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Chapter 1 : Clinical Manifestations of Food Allergic Disease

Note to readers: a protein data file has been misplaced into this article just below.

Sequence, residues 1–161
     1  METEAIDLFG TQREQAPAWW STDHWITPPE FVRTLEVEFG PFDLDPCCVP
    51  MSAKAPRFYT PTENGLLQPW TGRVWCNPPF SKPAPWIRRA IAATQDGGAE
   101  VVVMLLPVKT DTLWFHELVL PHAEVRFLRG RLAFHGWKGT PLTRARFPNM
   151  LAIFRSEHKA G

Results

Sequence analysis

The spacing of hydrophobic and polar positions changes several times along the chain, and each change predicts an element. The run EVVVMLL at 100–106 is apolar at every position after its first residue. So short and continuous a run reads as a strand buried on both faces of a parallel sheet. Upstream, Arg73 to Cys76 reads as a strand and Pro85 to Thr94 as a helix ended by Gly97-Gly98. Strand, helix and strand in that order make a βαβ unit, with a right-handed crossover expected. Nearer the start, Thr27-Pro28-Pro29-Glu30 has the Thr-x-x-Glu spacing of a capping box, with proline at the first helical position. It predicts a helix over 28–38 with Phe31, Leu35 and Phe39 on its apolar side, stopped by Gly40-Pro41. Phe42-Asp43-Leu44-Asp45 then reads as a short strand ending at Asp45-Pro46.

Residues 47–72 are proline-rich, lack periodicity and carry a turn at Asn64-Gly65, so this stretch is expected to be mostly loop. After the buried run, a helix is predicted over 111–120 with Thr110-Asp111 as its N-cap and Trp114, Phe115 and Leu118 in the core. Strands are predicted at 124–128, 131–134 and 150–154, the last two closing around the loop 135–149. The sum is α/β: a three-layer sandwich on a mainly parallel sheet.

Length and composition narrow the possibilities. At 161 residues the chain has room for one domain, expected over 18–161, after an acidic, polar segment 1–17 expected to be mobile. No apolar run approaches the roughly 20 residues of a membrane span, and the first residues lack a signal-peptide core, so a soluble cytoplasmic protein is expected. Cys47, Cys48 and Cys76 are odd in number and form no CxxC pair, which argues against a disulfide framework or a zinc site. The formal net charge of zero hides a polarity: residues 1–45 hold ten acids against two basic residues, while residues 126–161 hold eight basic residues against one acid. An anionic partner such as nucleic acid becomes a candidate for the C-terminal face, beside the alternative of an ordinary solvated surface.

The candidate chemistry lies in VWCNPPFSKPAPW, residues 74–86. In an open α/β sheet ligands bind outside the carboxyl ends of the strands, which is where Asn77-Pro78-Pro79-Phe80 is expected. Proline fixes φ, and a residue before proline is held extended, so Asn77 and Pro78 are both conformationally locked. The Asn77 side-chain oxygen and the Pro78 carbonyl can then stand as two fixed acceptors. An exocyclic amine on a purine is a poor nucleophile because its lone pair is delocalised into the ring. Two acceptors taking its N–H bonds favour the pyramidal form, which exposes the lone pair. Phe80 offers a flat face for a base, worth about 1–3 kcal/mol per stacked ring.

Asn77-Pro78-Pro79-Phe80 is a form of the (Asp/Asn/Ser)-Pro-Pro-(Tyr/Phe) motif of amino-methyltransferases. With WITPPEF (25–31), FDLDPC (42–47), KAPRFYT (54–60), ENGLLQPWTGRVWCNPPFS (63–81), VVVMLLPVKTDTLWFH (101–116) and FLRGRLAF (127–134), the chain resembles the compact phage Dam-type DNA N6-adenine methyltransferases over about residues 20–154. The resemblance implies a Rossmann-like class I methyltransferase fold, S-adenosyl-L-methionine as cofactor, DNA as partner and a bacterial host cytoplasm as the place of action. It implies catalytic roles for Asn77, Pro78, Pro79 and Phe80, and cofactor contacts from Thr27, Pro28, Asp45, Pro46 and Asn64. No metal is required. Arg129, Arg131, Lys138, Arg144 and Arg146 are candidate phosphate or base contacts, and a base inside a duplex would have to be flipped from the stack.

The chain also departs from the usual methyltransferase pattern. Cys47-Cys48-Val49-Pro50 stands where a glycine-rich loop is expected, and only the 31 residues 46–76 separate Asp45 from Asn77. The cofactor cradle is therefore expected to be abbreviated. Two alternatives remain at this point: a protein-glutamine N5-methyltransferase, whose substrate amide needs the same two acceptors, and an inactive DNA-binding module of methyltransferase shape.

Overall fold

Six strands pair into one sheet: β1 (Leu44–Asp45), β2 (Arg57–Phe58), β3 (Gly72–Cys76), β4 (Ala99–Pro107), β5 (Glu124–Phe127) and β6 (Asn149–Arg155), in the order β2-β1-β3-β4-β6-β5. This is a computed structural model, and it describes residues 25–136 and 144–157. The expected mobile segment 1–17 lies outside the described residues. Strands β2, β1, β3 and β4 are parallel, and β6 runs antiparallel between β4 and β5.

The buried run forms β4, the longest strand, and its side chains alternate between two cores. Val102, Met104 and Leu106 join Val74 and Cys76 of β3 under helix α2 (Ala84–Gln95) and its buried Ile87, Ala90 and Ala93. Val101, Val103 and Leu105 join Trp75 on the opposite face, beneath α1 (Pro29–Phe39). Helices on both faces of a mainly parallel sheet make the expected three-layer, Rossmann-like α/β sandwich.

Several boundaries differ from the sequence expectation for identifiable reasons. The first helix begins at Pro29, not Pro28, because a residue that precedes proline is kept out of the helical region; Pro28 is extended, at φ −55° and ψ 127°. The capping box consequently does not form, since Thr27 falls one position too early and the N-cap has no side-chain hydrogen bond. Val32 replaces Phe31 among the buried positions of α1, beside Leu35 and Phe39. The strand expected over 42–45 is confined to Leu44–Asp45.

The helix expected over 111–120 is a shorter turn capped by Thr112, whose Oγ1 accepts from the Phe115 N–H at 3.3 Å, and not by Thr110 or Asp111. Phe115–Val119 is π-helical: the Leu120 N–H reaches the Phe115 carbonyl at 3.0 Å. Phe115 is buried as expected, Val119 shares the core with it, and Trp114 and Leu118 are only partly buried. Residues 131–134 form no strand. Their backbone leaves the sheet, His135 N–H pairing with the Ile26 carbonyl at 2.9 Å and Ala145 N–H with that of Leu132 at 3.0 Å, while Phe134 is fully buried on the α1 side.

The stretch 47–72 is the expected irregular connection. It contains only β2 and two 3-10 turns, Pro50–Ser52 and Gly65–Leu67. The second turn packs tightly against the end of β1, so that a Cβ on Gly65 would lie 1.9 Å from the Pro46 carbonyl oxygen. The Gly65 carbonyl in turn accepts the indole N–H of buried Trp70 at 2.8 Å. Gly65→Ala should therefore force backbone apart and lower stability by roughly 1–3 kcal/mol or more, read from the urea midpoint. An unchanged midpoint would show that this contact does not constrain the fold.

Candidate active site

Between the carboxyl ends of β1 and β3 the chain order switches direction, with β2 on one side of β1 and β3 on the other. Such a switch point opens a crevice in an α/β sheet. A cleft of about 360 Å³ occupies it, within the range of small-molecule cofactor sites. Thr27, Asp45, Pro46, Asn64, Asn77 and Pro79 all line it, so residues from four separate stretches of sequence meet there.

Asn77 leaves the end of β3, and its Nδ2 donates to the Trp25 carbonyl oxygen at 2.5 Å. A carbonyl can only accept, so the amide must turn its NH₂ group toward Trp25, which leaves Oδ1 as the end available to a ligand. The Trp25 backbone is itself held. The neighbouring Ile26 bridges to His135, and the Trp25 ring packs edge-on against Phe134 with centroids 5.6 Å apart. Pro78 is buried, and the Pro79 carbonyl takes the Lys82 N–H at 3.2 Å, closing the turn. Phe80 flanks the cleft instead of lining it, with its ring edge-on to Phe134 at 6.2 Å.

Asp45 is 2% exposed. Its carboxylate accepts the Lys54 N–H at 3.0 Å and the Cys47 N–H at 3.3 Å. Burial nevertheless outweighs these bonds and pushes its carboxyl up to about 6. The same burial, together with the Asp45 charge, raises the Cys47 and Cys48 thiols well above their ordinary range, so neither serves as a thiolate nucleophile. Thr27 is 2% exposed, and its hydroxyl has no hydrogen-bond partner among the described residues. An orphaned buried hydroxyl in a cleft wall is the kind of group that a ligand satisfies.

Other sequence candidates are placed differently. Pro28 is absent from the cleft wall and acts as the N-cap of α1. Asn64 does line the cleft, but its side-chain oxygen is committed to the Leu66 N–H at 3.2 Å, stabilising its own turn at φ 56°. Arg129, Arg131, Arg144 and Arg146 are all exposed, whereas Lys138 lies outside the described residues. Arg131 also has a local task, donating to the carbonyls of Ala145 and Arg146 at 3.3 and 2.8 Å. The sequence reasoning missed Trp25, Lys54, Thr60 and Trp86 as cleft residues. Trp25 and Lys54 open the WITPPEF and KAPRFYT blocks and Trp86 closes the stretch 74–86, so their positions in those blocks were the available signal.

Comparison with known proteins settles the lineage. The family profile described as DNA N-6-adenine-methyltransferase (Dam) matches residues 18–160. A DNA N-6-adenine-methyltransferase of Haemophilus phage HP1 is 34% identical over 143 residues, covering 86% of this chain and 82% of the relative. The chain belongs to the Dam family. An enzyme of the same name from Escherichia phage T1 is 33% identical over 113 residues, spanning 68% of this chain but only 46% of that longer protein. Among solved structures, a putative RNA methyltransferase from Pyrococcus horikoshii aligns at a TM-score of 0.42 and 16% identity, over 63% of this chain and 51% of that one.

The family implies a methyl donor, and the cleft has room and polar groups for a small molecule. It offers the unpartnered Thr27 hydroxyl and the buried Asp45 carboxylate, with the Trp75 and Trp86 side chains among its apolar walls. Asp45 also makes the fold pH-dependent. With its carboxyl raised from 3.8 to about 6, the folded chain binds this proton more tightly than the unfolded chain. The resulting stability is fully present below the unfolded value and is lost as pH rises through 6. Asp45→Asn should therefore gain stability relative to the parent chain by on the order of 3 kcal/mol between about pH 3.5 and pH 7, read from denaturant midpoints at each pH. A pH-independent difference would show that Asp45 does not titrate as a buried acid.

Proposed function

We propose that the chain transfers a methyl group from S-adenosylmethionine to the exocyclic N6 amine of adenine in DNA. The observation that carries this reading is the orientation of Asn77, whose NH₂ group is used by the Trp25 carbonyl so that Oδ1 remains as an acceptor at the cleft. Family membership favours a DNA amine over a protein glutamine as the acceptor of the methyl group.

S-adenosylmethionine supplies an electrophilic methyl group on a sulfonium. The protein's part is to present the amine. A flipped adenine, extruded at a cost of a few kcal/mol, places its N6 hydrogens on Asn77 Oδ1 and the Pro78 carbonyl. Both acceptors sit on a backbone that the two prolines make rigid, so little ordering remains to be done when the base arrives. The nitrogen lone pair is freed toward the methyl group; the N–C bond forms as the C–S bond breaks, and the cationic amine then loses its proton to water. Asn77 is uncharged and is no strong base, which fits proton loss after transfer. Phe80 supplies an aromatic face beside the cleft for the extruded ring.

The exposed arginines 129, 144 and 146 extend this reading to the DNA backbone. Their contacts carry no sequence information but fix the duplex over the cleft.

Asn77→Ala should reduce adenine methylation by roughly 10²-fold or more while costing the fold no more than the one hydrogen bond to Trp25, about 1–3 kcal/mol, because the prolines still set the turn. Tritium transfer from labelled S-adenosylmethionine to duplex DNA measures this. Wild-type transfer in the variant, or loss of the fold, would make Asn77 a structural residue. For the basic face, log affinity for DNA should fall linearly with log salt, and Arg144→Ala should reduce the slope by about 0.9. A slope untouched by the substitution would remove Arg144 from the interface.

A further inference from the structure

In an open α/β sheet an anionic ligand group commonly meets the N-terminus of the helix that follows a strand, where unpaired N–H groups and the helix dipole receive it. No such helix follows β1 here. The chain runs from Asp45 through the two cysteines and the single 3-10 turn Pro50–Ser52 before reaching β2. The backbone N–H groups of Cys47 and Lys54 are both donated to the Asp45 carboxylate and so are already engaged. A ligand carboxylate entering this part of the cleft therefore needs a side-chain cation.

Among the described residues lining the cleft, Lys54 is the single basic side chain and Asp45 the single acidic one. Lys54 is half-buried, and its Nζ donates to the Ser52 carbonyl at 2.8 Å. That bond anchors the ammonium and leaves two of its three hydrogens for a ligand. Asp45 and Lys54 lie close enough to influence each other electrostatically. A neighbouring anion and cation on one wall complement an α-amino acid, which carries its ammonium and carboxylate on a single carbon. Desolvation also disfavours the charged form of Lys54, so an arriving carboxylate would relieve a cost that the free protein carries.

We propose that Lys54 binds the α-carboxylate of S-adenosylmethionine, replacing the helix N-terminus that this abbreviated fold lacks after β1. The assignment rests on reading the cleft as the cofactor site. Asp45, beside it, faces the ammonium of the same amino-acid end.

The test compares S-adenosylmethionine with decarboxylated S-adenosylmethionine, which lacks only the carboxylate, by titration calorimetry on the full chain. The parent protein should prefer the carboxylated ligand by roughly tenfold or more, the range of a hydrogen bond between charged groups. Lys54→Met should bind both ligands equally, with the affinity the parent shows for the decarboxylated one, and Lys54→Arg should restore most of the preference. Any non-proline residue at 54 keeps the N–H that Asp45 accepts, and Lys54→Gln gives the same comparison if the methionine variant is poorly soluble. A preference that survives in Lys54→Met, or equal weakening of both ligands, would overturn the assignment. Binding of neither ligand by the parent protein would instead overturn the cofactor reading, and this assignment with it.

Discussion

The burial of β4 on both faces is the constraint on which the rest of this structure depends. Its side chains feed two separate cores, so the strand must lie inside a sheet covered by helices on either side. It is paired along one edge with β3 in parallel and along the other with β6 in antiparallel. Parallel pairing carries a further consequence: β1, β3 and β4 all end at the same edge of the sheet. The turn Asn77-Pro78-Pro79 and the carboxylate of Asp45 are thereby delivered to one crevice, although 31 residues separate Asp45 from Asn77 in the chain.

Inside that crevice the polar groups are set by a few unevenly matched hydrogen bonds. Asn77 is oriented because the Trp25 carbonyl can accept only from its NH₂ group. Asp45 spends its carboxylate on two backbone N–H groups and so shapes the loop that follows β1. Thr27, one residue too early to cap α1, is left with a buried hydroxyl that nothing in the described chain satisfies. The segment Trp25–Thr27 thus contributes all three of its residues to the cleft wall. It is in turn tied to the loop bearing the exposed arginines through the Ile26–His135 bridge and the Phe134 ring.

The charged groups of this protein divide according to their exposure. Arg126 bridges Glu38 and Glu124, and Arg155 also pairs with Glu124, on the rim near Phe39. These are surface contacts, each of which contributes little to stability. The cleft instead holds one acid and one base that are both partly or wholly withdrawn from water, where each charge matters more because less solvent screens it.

Adverse reactions to foods are classified as either food hypersensitivity (allergy) or food intolerance. IgE-mediated hypersensitivity accounts for the majority of well-characterized food allergic reactions, although non-IgE-mediated immune mechanisms are believed to be responsible for a variety of hypersensitivity disorders. This chapter examines adverse food reactions that are IgE mediated and non-IgE mediated and those entities that have characteristics of both. The true prevalence of adverse food reactions is still unknown. The vast majority of food allergic reactions are secondary to a limited number of foods. Oral tolerance to food allergens occurs as the result of an appropriate suppression of the immune system when the gut mucosa comes in contact with dietary proteins. Gastrointestinal clinical manifestations are generally milder, and histologic examination of the gut mucosa shows less-extensive changes than with those patients presenting with primary gastrointestinal disease. Celiac disease is an extensive enteropathy leading to malabsorption. Once the diagnosis of food allergy is established, the only proven therapy is the strict elimination of the food from the patient’s diet. Certain factors place some individuals at increased risk for more severe anaphylactic reactions: (i) history of a previous anaphylactic reaction; (ii) history of asthma, especially if poorly controlled; (iii) allergy to peanuts, nuts, fish, and shellfish; (iv) use of ß-blockers or angiotensin-converting enzyme inhibitors; and (v) (possibly) being female. Primary prevention of food allergies relates to blocking immunologic sensitization to foods. Patient education and support are essential for food-allergic patients.